नान्यथा शक्यते कर्तुं स्वभाव: शोचतामिति ॥ ४९ ॥
neha śocanti tad-vidaḥ
nānyathā śakyate kartuṁ
sva-bhāvaḥ śocatām iti
atha — therefore; nityam — the eternal spirit soul; anityam — the temporary material body; vā — or; na — not; iha — in this world; śocanti — they lament for; tat-vidaḥ — those who are advanced in knowledge of the body and soul; na — not; anyathā — otherwise; śakyate — is able; kartum — to do; sva-bhāvaḥ — the nature; śocatām — of those prone to lamentation; iti — thus.
Those who have full knowledge of self-realization, who know very well that the spirit soul is eternal whereas the body is perishable, are not overwhelmed by lamentation. But persons who lack knowledge of self-realization certainly lament. Therefore it is difficult to educate a person in illusion.
According to the mīmāṁsā philosophers, everything is eternal, nitya, and according to the Sāṅkhya philosophers everything is mithyā, or anitya — impermanent. Nonetheless, without real knowledge of ātmā, the soul, such philosophers must be bewildered and must continue to lament as śūdras. Śrīla Śukadeva Gosvāmī therefore said to Parīkṣit Mahārāja:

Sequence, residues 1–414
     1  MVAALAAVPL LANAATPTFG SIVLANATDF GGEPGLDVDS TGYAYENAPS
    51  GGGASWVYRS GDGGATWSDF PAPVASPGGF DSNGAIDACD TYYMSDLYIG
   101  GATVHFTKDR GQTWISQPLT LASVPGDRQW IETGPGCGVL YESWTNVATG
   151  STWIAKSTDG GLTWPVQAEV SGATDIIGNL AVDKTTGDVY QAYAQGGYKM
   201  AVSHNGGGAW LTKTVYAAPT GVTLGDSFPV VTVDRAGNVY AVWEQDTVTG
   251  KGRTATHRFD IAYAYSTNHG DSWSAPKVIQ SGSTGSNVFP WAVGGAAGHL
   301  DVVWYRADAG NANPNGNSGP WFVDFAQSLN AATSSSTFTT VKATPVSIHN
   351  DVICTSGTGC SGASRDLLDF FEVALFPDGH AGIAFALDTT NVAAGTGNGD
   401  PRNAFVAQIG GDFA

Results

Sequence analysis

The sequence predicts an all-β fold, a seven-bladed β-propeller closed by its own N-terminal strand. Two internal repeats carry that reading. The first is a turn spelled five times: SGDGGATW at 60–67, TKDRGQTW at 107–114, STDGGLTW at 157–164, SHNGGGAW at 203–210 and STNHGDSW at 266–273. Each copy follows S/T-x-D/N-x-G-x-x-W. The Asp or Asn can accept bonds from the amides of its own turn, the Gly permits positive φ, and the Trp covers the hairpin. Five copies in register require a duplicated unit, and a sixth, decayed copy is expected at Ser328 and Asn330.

nṛṇāṁ santi sahasraśaḥ
“Those who are materially engrossed, being blind to knowledge of the ultimate truth, have many subjects for hearing in human society, O Emperor.” (Bhāg. 2.1.2) For ordinary persons engaged in material activities there are many, many subject matters to understand because such persons do not understand self-realization. One must therefore be educated in self-realization so that under any circumstances in life he will remain steady in his vows.